Rigs stack up off Invergordon

 

_90683008_cromartyfirth

Oil rigs stacked in the Cromarty Firth

Written by – 23/08/2016 7:25 am

As many as a dozen drilling rigs are expected to spend the winter stacked in the Cromarty Firth as the depressed oil price continues to limit North Sea activity.

There has been a noticeable increase recently in the number of semi-submersible and jack-up vessels anchored in the firth and berthed at the quayside in Invergordon, with around 10 rigs currently in the deep water North Sea inlet.

The giant West Phoenix, which at 35,000 tonnes, last year became the largest rig by gross tonnage to berth there, is also anchored close to entrance to the firth.

Yesterday, a spokeswoman for the Port of Cromarty Firth said that although two vessels were due to leave this week, the numbers were expected to rise again.

She said: “It’s likely we will have as many as 12 rigs in the Port of Cromarty Firth over the winter.

“This is symptomatic of the ongoing pressure the depressed oil price is bringing to the North Sea.”

Despite speculation about the future of a number of the rigs, she added the port authority was not aware of plans to scrap any of those currently stacked.
The two departing the waters this week are bound for projects in the North Sea.

The new build Maersk Highlander jack-up has been undergoing commissioning work, carried out by Semco Maritime, after being transported to Invergordon Service Base from the Jurong Shipyard, Singapore.

At the vessel’s naming ceremony at the Ross-shire port last week, Maersk Drilling chief executive, Claus V Hemmingsen admitted it might seem a difficult challenge to take in a brand new rig in the middle of a severe downturn, but added: “in the 40+ year history of Maersk Drilling, it is far from an unknown challenge to take a new, state-of-the-art piece of drilling equipment into operation.”

The Maersk Highlander will work on the £3billion Culzean gas development, 155 miles east of Aberdeen. Another jack-up owned by the Danish company, the Maersk Reacher, is currently undergoing upgrading and modification work at the quayside in Invergordon.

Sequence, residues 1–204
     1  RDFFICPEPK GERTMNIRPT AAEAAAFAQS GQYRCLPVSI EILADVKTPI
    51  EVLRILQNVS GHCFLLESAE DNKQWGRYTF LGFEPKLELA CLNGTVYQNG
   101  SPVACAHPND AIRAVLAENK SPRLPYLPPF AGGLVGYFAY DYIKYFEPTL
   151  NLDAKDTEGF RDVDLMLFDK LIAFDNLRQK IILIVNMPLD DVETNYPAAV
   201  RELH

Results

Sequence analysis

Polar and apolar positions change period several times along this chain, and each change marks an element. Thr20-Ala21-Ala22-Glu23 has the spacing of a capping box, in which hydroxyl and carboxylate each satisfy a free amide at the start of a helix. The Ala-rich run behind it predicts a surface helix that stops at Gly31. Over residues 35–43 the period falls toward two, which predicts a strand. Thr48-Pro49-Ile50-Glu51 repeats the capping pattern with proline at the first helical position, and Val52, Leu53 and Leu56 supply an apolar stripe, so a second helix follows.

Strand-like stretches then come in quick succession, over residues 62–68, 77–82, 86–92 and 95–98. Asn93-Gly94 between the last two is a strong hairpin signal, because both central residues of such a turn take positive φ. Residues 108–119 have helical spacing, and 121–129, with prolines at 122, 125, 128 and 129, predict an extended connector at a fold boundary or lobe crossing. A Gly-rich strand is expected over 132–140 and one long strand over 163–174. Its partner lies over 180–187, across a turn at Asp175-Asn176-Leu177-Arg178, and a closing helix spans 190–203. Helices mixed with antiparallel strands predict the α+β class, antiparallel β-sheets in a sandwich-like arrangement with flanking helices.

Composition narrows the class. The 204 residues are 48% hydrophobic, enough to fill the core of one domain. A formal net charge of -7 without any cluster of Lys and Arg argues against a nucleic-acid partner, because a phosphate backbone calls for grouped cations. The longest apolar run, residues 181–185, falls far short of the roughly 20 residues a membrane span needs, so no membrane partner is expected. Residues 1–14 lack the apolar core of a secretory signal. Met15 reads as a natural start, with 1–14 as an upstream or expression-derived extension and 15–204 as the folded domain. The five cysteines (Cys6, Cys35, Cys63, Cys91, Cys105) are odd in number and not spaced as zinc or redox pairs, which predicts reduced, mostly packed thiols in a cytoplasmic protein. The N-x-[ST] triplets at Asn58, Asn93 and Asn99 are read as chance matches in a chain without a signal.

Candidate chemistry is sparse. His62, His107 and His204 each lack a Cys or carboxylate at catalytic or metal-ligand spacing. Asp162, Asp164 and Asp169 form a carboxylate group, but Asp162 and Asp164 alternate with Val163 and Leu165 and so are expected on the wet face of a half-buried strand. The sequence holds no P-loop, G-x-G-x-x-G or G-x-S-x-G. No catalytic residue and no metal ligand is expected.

Also leaving the Cromarty Firth this week will be the Paragon MSS1. The semi-submersible, built in 1979, has been undergoing intermediate classification and service works, also carried out by Semco Maritime. The rig, owned by Paragon Offshore, is believed to be heading for a North Sea drilling contract for Nexen.

More inspection, repair and maintenance projects are in the pipeline at Invergordon, according to the Port of Cromarty Firth spokeswoman.

She added: “Companies on the Port’s Service Base, including Semco Maritime and Port of Cromarty Firth Services, are working hard to attract project work to Invergordon.

“The Port of Cromarty Firth remains one of the leading ports in Europe for rig inspection, repair and maintenance. The firth is an ideal, sheltered environment with a highly skilled and experienced workforce.

“Their efforts have been rewarded recently with work being undertaken on all three rigs alongside the quay and we’re pleased to say that more projects are set to follow.”

RELATED ARTICLES
Cromarty Firth enjoys business boom
Culzean-bound Maersk Highlander rig in Invergordon
Aberdeen Harbour “turning vessels away” risks city’s decline
RECOMMENDED ARTICLES
Salvors get on board stricken Transocean rig
Transocean rig salvage operation could “cost millions”
Salvage team firms up refloat plans for Transocean Winner

join unite 2

Unite is the largest trade union in for offshore workers in the North Sea UKCS

Check out 10 good reasons why you should join Unite.

Have a voice, take action and make change happen. Join the union

today!

http://www.unitetheunion.org/growing-our-union/joinunite/

 

 

 

 

Advertisements

Leave a Reply

Fill in your details below or click an icon to log in:

WordPress.com Logo

You are commenting using your WordPress.com account. Log Out / Change )

Twitter picture

You are commenting using your Twitter account. Log Out / Change )

Facebook photo

You are commenting using your Facebook account. Log Out / Change )

Google+ photo

You are commenting using your Google+ account. Log Out / Change )

Connecting to %s

%d bloggers like this: